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c. 1445 – May 17, 1510. Italian painter.

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Clarkson Frederick Stanfield
Action and Capture of the Spanish Xebeque Frigate El Gamo

ID: 72219

Clarkson Frederick Stanfield Action and Capture of the Spanish Xebeque Frigate El Gamo
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Clarkson Frederick Stanfield Action and Capture of the Spanish Xebeque Frigate El Gamo


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Clarkson Frederick Stanfield

English Painter, 1793-1867 He is often wrongly referred to as William Clarkson Stanfield. The son of Mary Hoad and James Field Stanfield, an Irish actor and author, he was apprenticed to a heraldic coach painter at the age of 12, but in 1808 he abandoned this and went to sea in a collier. In 1812 he was press-ganged and spent two years on HMS Namur, the guard-ship at Sheerness. After being discharged as the result of an injury in 1814, he joined the merchant navy, sailing to China in the Indiaman Warley in 1815. Soon after his return in 1816 he missed his ship and became a scene painter, first at the Royalty Theatre, Stepney, and then at the Royal Coburg, Lambeth. There he was later joined by David Roberts, who became a lifelong friend, and in 1822 both men were employed as scene painters at the Theatre Royal, Drury Lane. During the next 12 years Stanfield established himself as the most talented scene painter of his day, causing a sensation with some of his huge moving dioramas such as the scenes of Venice in the pantomine Harlequin and Little Thumb (1831). Meanwhile he was building an equally impressive reputation as an easel painter. He first exhibited at the Royal Academy in 1820 and continued to exhibit there regularly until his death. He was elected ARA in 1832 and RA in 1835.  Related Paintings of Clarkson Frederick Stanfield :. | Burg Eltz (mk22) | On the Dogger Bank | H.M.S 'Victory' towed into Gibraltar, | The Battle of Trafalgar | Venice:The Dogana and the Salute |
Related Artists:
Ferdinand von Wright
1822-1906,Brother of Magnus von Wright and Wilhelm von Wright. He grew up under the influence of his brothers and became a skilled ornithological illustrator at a very young age. He remained in Sweden from 1837 until 1844 and worked as a draughtsman, helping his brother Wilhelm. After returning to Finland he set his sights on a career as a painter. During the second half of the 1840s he was still searching for his proper path, and he experimented with a number of subjects: birds, still-lifes, landscapes and portraits.
Lieve Verschuier
(1627-1686) was a Dutch Golden Age painter of maritime subjects. He was born in Rotterdam, and is documented in Amsterdam in 1651, where he possibly learned to paint from Simon de Vlieger. He traveled to Rome in 1653 as a young man with Jan Vermeer van Utrecht and became friends with Willem Drost and Johann Carl Loth.. On his return he settled in Rotterdam in 1667 where he remained, painting marine scenes, and Italianate landscapes. His maritime works are valued today for their historical value illustrating the art of shipbuilding in the 17th century.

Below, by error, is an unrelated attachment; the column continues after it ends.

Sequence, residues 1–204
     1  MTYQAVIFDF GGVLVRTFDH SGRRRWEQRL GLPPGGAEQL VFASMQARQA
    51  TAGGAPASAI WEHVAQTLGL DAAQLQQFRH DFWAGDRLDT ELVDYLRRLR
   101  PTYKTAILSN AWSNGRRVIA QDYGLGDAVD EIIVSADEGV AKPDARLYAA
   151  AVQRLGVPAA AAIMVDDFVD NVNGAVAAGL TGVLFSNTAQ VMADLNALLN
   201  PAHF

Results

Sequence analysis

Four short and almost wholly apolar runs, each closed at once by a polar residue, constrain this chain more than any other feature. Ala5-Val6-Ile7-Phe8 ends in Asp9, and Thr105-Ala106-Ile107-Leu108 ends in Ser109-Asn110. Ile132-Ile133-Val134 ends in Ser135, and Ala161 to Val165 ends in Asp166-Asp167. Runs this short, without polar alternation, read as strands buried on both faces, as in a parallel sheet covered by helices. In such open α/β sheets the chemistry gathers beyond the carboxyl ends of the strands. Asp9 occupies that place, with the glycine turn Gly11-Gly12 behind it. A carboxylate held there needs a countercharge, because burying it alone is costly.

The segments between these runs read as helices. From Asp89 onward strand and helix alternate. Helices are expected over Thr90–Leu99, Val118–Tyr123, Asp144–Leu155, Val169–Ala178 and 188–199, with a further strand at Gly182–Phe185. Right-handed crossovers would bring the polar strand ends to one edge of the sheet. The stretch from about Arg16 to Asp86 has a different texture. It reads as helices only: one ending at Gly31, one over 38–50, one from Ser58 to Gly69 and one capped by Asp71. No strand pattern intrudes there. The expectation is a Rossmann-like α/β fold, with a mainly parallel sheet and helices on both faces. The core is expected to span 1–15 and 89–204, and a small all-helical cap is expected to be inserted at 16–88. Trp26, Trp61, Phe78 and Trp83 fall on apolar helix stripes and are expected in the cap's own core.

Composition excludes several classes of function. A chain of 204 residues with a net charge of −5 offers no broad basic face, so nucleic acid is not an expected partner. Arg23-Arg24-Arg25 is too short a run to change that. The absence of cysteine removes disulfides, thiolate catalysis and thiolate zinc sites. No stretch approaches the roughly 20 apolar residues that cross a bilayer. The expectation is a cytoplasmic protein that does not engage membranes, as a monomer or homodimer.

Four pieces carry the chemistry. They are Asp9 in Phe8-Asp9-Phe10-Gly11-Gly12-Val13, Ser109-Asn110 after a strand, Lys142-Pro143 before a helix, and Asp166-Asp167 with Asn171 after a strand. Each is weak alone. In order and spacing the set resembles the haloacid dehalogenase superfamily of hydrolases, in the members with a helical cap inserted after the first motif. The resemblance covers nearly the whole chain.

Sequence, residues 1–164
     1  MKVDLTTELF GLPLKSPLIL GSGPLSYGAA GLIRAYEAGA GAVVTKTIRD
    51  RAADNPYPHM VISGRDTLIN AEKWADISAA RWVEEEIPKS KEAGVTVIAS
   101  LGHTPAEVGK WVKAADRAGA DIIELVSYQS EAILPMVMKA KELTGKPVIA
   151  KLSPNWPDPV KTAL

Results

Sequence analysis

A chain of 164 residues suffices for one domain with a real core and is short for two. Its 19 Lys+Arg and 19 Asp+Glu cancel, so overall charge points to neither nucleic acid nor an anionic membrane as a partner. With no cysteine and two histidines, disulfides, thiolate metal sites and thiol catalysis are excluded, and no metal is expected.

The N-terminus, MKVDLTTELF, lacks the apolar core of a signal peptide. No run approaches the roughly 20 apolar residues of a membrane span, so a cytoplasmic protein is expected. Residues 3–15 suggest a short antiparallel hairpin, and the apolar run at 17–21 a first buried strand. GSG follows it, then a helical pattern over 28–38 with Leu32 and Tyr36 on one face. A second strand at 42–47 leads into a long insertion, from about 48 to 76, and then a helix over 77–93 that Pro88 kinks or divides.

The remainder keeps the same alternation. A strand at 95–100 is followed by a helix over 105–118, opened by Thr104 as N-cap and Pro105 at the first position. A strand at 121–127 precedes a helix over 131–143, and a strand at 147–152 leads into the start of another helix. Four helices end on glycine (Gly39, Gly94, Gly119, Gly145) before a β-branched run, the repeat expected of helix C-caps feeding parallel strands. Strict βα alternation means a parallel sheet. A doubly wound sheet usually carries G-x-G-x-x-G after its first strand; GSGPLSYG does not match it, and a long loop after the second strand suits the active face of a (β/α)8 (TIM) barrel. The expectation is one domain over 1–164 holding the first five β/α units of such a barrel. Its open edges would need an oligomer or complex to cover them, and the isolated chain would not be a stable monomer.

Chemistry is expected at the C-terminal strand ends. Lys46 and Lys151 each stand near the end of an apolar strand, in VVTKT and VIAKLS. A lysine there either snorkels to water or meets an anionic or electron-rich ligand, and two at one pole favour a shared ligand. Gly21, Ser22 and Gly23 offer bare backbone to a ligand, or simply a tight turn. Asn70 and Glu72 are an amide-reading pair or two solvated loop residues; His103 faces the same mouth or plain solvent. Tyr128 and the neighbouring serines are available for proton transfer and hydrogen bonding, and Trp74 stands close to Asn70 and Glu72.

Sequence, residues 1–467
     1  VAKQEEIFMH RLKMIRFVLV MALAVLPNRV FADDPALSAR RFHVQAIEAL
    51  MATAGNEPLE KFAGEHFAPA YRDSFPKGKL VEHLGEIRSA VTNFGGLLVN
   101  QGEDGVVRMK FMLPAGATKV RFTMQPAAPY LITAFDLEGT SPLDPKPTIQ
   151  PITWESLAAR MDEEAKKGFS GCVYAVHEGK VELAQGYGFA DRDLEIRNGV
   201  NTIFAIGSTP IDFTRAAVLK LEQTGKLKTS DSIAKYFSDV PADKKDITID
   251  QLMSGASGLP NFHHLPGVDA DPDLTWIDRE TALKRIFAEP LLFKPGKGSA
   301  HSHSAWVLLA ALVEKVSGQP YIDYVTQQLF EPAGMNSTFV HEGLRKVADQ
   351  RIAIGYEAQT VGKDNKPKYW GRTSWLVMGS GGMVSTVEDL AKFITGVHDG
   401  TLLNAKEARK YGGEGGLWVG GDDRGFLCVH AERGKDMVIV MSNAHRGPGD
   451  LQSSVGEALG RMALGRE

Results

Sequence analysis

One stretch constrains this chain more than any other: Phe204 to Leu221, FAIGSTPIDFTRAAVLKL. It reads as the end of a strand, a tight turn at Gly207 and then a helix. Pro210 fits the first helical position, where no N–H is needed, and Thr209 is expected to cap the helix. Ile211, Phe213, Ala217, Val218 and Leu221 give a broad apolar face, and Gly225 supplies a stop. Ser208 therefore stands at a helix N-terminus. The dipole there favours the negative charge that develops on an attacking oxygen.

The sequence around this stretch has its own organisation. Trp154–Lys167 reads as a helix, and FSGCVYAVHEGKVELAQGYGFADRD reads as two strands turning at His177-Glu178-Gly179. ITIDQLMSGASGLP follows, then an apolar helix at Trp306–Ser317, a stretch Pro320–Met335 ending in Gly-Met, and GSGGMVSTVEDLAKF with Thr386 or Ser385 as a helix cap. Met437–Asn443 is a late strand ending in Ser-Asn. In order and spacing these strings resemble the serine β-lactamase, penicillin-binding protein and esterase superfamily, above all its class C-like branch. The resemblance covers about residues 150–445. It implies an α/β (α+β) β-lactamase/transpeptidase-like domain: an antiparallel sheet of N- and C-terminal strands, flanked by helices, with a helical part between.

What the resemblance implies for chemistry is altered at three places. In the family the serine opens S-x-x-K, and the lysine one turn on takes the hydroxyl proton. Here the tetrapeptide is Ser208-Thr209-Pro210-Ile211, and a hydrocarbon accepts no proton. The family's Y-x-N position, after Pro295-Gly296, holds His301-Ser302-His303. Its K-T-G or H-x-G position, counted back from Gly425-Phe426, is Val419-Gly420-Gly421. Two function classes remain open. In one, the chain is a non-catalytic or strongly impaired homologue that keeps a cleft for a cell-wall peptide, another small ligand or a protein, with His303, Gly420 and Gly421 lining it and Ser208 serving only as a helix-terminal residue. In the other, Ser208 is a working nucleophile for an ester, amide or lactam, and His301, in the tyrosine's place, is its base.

Charles Roscoe Savage
1832-1909, He was a British-born landscape and portrait photographer who produced images of the American West. He is best known for his 1869 photographs of the linking of the first transcontinental railroad. Savage was born in Southampton, England, on August 16, 1832. At age 14, he joined The Church of Jesus Christ of Latter-day Saints (LDS Church). After serving missions for the church in Switzerland and England, he emigrated to the United States during the winter of 1855?C56. He initially found work as a photographer in New York City, and headed west the following year. He first settled in Nebraska, then Council Bluffs, Iowa, where he established his first independent studio and gallery. In the spring of 1860, he traveled to Salt Lake City, Utah Territory with his family, where he established a photography studio with a partner, Marsena Cannon, an early Utah daguerreotypist and photographer. A year later, after Cannon moved to southern Utah, Savage established a partnership with artist George Ottinger. Many of Savage's photographs were reproduced in Harper's Weekly newspaper, which created a national reputation for the firm. This partnership continued until 1870. As a photographer under contract with the Union Pacific Railroad, Savage traveled to California in 1866 and then followed the rails back to Utah. He photographed the linking of the Union Pacific and Central Pacific on Promontory Summit, at Promontory, Utah in 1869






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